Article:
Facebook platform users hit Twitter with #facebookdown Wednesday, after losing access to Facebook, Instagram and Messenger across the world.
Wochit, USA TODAY
For me, It started with a birthday wish that was never sent. Elsewhere, a phone actually rang, answered by a son whose mom thought he had blocked her. And all across America, selfies piled up in smartphones with nowhere to post.
The message received: “The message could not be posted to this Timeline.”
On Thursday morning, at least 22 hours after the start of one of the longest outages in Facebook’s history, it was a notable disruption for many of us who have woven the ritual of flicking through Facebook and Instagram into the fabric of our day.
When the world’s largest social network goes down for any meaningful length of time, what sort of void, if any, does it leave us? Maybe less of one than you think, certainly for some people.
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My inability to send birthday greetings was annoying but hardly life-altering. And that seemed to be the general sentiment among my own Facebook friends and the larger community of folks I canvassed on social media. That is, among the very people who even noticed the outage, a fair number of whom did not.
Precious little outrage. No visible panic attacks, despite #FacebookDown trending on Twitter.
Some even found the massive outage surprisingly refreshing. As Facebook user Jennie Gamut Aspelin posted on the service: “I noticed it and was glad I couldn’t access it. It was a more productive day for me!”
Another user, Melanie Peters, relayed a conversation she had with her husband in the aftermath of the outage:
Me: “It was so restful not to be on Facebook all day.”
Him: “I know. Imagine going not logging in for a month.”
Long pause while we smiled softly into space
Me: “God, that would be wonderful!”
Peters added that “of course, we don’t have to log in and I’m always threatening to dump my account. But so many of our friends and family use it as their only means of communication, so pushing that final deactivation button isn’t easily done. But damn – yesterday was great!”
Freelance author and journalist Frank Vizard came to a similar conclusion. “It was like a nice short vacation,” he quipped.
Still, there were unintended consequences. My USA TODAY colleague Dalvin Brown received a phone call from his mother who thought when a comment she tried to send him on Facebook didn’t go through that he had blocked her from the service.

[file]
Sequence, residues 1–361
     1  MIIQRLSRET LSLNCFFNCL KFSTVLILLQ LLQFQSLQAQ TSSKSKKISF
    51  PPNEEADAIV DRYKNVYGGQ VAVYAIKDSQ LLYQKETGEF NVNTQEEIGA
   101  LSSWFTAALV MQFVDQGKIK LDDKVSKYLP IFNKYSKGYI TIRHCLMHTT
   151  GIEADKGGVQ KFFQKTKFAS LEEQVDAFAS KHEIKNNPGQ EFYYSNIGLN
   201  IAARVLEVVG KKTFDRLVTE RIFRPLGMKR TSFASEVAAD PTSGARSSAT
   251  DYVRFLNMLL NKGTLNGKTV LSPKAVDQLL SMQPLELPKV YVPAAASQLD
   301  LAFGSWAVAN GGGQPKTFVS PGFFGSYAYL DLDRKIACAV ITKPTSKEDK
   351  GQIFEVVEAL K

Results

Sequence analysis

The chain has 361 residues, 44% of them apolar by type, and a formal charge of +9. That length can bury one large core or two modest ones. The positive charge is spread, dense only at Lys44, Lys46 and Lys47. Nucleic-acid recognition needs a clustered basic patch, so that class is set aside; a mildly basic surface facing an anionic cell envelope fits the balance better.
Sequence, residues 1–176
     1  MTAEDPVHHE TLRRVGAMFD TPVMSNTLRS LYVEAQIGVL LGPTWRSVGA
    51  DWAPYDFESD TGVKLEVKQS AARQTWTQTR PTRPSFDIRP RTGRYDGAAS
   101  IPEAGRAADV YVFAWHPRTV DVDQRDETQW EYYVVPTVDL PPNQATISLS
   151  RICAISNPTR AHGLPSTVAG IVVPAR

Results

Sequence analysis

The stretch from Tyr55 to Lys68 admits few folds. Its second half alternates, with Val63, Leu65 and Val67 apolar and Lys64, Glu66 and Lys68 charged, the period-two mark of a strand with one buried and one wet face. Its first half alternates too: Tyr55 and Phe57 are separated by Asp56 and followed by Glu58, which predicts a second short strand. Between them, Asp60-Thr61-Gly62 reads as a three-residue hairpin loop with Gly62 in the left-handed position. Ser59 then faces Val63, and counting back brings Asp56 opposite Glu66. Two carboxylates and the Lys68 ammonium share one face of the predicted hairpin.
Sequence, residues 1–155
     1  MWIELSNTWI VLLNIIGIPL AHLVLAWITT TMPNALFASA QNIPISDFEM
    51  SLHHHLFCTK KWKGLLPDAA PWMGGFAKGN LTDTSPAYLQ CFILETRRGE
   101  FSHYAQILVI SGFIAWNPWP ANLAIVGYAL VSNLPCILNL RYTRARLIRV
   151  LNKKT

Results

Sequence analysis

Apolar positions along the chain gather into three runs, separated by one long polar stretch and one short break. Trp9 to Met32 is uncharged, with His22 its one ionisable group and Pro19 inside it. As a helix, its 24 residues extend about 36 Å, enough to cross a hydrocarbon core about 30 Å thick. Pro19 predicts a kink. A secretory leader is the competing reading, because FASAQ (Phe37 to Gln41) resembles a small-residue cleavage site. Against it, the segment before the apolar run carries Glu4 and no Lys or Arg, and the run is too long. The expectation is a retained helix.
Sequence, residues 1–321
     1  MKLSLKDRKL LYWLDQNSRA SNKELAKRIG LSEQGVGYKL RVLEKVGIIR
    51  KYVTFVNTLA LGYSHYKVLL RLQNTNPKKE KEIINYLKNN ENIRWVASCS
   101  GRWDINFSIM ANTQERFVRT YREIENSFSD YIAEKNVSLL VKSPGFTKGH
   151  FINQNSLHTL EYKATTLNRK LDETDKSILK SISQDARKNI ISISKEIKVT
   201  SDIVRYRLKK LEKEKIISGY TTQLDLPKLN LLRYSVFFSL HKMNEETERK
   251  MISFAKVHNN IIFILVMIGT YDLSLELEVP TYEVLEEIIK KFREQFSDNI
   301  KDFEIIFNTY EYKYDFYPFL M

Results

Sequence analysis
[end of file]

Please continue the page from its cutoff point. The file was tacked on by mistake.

He had some explaining to do.
Facebook has been a magnet for disturbing news the past couple of years or so, leaving some people to break up with the service for good and placing CEO Mark Zuckerberg on the hot seat. Go down the list: Cambridge Analytica, fake news, Messenger Kids scandals, security breaches, data deals that have the company under criminal investigation, and yes, now, this latest outage, which Facebook blamed on a server configuration error, and which also grounded Facebook-owned Instagram and caused issues for WhatsApp.
And yet for all of Facebook’s well-publicized troubles, 2.3 billion folks have, for better or worse, stuck around, myself among them.
We hang around, of course, not only to wish pals a happy birthday but as a way to celebrate our families and milestones, and to rekindle or stay connected with friends from the past and present, some dating back to grade school, old jobs or summer camp. Had Facebook not come along, we’d never have spoken to some of these people again. Hard to put a price on that one.
The latest outage for sure left some users who conduct business on the site frustrated. And the same went for people who turn to Facebook as a social outlet or as an antidote to loneliness.
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The Instagram outage troubled a different generation as well.
Craig Beilinson says his 13-year-old son Jacob couldn’t understand why his Instagram feeds weren’t updating, something dad described as “super impactful.” It was only after learning about the outage later in the day that the younger Beilinson even discovered the connection between Facebook and Instagram.
I was eventually able to once again send people Facebook birthday greetings. But Valerie Beale whose birthday fell on the day of the outage described the extra gift she received: “I got actual phone calls.”
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